Property Damage During Policy Period Triggers Duty To Defend, Even If The Entity Claiming Damage Did Not Exist...08.25.2006
In Standard Fire Ins. Co. v. Spectrum Community Association, __ Cal.App.4th __, 46 Cal.Rptr.3d 804 (2006), the Court addressed the question of whether a homeowners association asserting property damage against an insured must have existed and owned the property during the policy period in order to trigger coverage under the insured's commercial general liability ("CGL") policy. The Court answered "no," stating that the critical question is rather whether the property damage occurred during the policy period.
In Spectrum, condominium owners and their homeowners association sued the condominium developers for construction defects. Standard Fire insured the developers under a CGL policy during the project. During the policy period, the developers owned the condominium project being built, and the homeowners association did not exist as it had not been formed. None of the individual homeowners owned any of the condominium units during the policy period.
Standard Fire asserted there could be no potential for coverage under the policy for any of the construction defect claims because none of the claimants could have suffered any damage during the policy period. Standard Fire contended the focus should be when the complaining party was harmed. It cited Remmer v. Glens Falls Indemnity Co., 140 Cal.App.2d 84 (1956), for the proposition "that the time of the occurrence of an accident within the meaning of an indemnity policy is not the time the wrongful act was committed, but the time when the complaining party was actually damaged." Standard Fire further contended that Montrose Chemical Corporation v. Admiral Insurance Co., 10 Cal.4th 645 (1995) (known as "Montrose II"), approved the Remmer general rule in stating that "California courts have long recognized that coverage in the context of a liability insurance policy is established at the time the complaining party was actually damaged."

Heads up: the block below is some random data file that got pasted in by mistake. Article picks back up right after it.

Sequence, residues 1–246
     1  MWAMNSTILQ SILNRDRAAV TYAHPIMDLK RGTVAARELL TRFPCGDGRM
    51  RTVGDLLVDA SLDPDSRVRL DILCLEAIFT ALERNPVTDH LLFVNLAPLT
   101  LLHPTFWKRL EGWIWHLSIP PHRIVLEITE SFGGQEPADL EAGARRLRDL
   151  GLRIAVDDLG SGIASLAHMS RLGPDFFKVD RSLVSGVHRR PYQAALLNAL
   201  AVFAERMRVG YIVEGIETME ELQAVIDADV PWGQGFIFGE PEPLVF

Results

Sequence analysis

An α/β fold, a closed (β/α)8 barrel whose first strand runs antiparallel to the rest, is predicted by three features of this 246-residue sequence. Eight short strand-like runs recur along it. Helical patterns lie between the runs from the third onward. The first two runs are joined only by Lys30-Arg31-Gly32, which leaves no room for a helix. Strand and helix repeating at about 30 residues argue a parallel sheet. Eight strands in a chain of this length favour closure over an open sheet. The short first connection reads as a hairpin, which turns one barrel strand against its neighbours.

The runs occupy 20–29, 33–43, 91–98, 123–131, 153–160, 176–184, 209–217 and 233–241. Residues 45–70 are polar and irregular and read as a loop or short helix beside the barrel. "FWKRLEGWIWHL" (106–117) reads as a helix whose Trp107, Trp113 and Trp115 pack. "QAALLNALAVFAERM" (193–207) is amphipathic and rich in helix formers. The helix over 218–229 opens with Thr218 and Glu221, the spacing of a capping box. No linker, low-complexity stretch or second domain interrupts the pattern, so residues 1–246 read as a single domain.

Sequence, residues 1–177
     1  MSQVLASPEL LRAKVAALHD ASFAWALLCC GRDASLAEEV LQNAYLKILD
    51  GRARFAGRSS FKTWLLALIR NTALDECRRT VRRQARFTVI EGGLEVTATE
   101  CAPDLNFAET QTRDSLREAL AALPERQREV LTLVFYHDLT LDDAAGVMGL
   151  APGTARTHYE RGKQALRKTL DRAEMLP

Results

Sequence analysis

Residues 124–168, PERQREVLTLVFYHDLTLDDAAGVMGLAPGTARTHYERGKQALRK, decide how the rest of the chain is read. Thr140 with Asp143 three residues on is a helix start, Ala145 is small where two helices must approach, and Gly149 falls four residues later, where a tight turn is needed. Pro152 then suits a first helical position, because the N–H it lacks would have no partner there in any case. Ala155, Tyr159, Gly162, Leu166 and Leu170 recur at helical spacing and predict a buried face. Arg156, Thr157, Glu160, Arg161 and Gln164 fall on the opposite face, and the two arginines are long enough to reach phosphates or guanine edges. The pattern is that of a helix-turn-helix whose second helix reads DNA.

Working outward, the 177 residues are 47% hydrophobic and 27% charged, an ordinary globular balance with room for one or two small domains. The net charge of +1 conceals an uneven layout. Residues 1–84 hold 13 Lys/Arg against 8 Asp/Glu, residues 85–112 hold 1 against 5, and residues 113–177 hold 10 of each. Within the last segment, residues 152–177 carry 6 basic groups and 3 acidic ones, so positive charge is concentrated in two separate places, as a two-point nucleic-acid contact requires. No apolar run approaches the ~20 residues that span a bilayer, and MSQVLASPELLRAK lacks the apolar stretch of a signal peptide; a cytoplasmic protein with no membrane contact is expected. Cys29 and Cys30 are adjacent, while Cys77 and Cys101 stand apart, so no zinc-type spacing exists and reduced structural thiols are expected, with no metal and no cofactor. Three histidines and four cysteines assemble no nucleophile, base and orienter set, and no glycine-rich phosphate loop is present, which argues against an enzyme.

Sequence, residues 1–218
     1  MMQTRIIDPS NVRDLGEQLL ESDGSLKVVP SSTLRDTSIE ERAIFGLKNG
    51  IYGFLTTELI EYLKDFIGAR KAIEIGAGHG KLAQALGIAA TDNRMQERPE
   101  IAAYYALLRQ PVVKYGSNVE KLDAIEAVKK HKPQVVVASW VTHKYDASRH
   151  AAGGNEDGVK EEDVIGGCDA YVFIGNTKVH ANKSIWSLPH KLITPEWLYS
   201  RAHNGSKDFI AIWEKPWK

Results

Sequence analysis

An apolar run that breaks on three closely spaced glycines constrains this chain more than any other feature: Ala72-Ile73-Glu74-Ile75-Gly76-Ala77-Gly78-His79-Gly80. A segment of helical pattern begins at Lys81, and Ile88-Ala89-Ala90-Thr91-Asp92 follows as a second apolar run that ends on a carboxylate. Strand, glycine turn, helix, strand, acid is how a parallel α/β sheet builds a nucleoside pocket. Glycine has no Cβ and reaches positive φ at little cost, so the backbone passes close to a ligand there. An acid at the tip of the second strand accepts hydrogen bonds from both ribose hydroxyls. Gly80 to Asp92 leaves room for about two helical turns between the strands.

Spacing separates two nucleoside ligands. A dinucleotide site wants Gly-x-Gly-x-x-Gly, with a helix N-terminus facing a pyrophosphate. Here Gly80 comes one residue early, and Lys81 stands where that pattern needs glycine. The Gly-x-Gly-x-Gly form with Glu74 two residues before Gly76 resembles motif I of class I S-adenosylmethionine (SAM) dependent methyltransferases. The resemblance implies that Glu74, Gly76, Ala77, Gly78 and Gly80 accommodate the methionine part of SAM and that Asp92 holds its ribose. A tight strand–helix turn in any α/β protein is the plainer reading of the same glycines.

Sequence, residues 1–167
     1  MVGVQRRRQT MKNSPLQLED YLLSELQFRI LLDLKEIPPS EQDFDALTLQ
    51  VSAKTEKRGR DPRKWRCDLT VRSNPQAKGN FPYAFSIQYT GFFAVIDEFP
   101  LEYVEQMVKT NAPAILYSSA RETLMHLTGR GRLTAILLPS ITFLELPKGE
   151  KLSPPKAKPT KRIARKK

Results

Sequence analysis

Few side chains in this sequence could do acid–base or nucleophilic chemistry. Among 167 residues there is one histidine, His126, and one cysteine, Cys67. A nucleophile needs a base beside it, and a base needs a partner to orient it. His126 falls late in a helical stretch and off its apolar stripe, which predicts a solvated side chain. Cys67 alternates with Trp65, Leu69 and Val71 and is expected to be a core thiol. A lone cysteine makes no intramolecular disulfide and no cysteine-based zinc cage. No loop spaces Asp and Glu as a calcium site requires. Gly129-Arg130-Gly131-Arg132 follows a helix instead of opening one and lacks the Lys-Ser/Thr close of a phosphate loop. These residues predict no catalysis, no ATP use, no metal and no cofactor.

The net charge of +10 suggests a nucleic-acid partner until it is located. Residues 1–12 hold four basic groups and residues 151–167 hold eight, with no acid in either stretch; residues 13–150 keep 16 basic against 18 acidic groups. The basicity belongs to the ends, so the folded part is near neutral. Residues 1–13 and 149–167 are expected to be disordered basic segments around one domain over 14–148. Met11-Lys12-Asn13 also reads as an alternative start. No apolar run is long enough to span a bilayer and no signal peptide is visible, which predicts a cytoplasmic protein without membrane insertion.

The Spectrum Court stated that Montrose II focused on the timing on the damage rather than who was damaged during the policy period, noting that Montrose II held the insurer had a duty to defend irrespective of the fact that the continuing damage began long before the policies in question were issued and before the claimant in that case purchased the damaged property. Noting the homeowners association in Spectrum had presented evidence to show that damage had occurred to the project during the policy period, the Court held that Standard Fire had a duty to defend.
The Court discussed the cases of Garriott Crop Dusting Co. v. Superior Court, 221 Cal.App.3d 783 (1990), and Century Indemnity Co. v. Hearrean, 98 Cal.App.4th 734 (2002), as more on point. In Garriott, the court held the insurer there had a duty to defend the insured, where the city suing the insured had acquired the subject property after the policy period. The Garriott Court noted that "the policies themselves do not expressly require that the eventual claimant own the property at the time the property is damaged for coverage to ensue; they merely require that the damage, the 'physical injury to ... tangible property,' take place during the policy period." In other words, the Court said, "[t]he question raised by the policy language is not when the [c]ity was damaged; it is, instead, when the property now owned by the [c]ity was damaged."
The Garriott Court dismissed the reference in Remmer to damage "to the complaining party" as meaning that damage to the claimant during the policy period was required. Remmer did not involve damage to property that changed hands between the date of damage and the date of claim, and the Remmer Court could refer to damage to "the complaining party" instead of damage to "the property" because the complaining party owned the property throughout all relevant time periods.
With respect to the Century Indemnity decision, the Spectrum Court also noted that the trigger of coverage there - the continuous and progressive injury to the property allegedly caused by defective design and construction - occurred during the policy period and activated the insurer's defense and indemnity obligations.
Thus, the Spectrum Court concluded that the insurer's duty to defend was determined by whether property damage occurred during the policy period. The question of whether the claimant suing for that damage was damaged during the policy period was irrelevant.
One point to note about the Spectrum decision is the parties are reported as not discussing the "owned property" exclusion that appears in standard CGL policies. That exclusion excludes damage to property owned by the insured and might have made the difference in the outcome of the decision.